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MSF comments on GSK’s new CEO Emma Walmsley's first day
As Andrew Witty steps down and GlaxoSmithKline’s (GSK) new CEO, Emma Walmsley, starts her first day, Vickie Hawkins, Executive Director of Médecins Sans Frontières UK (MSF) comments:
“Over the past year, MSF and GSK reached a ground breaking agreement that ensures humanitarian organisations can afford to buy the life-saving pneumonia vaccine.
“As Andrew steps down and Emma Walmsley takes over we trust that she will ensure his legacy for global health is actually fulfilled and that she will take further steps to ensure the price of the vaccine is made affordable for developing countries left out of the current agreement.
"We wish Andrew Witty all the best in his retirement.”
In September 2016, under GSK’s former CEO Andrew Witty, MSF and GlaxoSmithKline reached a ground breaking agreement to ensure that children living in crisis situations could be vaccinated with GSK’S life-saving pneumonia vaccine (Synflorix).
After years of fruitless negotiations, MSF was relieved at the decision of Andrew Witty to sell the pneumonia vaccine at the lowest global price to humanitarian organisations.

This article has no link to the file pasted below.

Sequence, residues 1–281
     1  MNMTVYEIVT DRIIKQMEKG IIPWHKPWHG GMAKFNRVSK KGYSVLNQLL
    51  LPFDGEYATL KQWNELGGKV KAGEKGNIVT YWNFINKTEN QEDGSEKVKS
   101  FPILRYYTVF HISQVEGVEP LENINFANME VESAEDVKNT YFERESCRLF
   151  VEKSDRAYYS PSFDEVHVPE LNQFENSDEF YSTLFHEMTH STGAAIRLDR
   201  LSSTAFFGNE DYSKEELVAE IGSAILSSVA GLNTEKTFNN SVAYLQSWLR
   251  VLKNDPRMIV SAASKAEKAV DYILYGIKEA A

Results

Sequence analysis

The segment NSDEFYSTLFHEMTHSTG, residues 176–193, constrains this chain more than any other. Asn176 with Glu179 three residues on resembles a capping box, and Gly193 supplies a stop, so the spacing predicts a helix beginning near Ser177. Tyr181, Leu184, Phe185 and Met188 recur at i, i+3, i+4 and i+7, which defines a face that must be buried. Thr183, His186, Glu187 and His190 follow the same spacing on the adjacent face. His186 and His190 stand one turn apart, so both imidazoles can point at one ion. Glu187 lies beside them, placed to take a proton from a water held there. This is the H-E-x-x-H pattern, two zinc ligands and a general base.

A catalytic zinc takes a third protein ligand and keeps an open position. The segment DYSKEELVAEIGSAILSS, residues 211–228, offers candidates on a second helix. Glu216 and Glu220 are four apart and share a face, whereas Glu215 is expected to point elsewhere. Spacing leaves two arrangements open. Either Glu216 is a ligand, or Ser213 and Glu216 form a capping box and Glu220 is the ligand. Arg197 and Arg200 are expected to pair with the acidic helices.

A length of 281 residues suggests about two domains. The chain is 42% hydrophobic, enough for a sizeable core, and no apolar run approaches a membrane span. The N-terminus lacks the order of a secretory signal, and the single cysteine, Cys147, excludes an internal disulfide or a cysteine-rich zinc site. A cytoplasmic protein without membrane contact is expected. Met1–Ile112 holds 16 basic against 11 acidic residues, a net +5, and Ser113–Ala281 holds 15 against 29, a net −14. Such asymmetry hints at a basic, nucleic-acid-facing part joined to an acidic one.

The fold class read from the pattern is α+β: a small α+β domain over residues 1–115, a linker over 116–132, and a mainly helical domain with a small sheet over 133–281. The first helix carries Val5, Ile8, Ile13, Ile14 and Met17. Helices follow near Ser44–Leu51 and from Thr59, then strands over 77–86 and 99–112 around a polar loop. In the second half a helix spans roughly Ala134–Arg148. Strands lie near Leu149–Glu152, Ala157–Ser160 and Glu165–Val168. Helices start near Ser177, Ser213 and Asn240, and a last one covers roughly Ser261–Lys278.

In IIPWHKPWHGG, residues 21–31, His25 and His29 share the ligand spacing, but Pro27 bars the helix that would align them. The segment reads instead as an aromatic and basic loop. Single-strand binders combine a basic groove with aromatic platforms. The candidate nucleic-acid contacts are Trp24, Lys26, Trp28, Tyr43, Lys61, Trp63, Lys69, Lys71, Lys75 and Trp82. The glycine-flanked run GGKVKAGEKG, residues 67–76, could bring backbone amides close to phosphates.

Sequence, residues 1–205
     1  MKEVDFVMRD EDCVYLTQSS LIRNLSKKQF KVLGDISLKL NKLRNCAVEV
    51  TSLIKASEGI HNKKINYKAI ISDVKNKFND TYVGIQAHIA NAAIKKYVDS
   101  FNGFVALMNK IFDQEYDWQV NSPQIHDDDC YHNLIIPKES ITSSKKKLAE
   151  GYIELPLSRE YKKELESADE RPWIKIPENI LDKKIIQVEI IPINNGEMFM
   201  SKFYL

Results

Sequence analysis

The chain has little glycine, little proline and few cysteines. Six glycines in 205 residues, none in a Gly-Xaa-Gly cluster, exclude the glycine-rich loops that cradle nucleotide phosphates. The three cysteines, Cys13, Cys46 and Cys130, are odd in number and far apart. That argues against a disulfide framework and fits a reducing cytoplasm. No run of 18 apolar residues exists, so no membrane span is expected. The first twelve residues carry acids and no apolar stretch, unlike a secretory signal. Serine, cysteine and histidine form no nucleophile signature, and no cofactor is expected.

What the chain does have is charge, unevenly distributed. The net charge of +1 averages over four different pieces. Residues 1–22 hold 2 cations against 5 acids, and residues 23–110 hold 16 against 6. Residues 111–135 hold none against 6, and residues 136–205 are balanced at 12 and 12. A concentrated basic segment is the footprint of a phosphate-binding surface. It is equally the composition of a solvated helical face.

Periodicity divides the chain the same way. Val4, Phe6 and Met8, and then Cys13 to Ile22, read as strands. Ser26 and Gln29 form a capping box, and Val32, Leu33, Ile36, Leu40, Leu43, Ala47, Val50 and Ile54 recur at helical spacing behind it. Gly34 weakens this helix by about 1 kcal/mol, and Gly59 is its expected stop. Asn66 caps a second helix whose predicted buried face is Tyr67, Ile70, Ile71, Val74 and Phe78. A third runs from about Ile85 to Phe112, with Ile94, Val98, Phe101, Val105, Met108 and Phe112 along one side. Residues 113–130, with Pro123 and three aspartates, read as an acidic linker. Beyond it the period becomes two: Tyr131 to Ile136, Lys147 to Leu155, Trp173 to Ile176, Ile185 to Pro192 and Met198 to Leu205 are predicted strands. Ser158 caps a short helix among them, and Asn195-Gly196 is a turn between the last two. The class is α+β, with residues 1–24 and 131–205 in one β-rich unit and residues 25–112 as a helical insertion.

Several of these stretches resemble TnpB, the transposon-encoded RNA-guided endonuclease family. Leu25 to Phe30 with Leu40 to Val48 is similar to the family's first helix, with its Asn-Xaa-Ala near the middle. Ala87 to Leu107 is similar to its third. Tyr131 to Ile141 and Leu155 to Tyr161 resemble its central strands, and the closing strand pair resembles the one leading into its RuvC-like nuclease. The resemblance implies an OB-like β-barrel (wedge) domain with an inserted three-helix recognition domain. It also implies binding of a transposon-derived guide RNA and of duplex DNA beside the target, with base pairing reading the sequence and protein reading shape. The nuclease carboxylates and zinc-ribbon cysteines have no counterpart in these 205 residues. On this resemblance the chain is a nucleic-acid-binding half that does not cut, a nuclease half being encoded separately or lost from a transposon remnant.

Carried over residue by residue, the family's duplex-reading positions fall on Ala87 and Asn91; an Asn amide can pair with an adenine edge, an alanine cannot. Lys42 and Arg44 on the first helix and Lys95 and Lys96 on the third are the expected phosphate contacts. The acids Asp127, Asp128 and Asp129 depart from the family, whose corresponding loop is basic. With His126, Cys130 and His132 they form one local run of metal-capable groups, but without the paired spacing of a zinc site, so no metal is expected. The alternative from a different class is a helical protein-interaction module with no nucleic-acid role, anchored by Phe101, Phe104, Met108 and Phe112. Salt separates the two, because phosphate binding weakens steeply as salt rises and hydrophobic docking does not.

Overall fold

Up until that point organisations like MSF had not been able to protect vulnerable children because of the exceptionally high price of the vaccine.
This agreement changed the vaccination landscape as the only other manufacturer of the vaccine, Pfizer, was forced to follow suit in November.
"[We trust] she will take further steps to ensure the price of the vaccine is made affordable for developing countries left out of the current agreement."
We are confident that Emma Walmsley will continue this vital work. But there is also a great deal more to be done.
Under Andrew Witty, GSK took a positive step forward for children in emergencies but our experience tells us that lack of access to life-saving vaccines is not only specific to crisis contexts.
Many developing countries want to protect their children but they simply cannot afford this vaccine.
We hope that Emma Walmsley will seize the momentum and demonstrate that every child should get a fair shot at being protected against pneumonia and reduce the price of the vaccine for the many developing countries that still can’t afford it.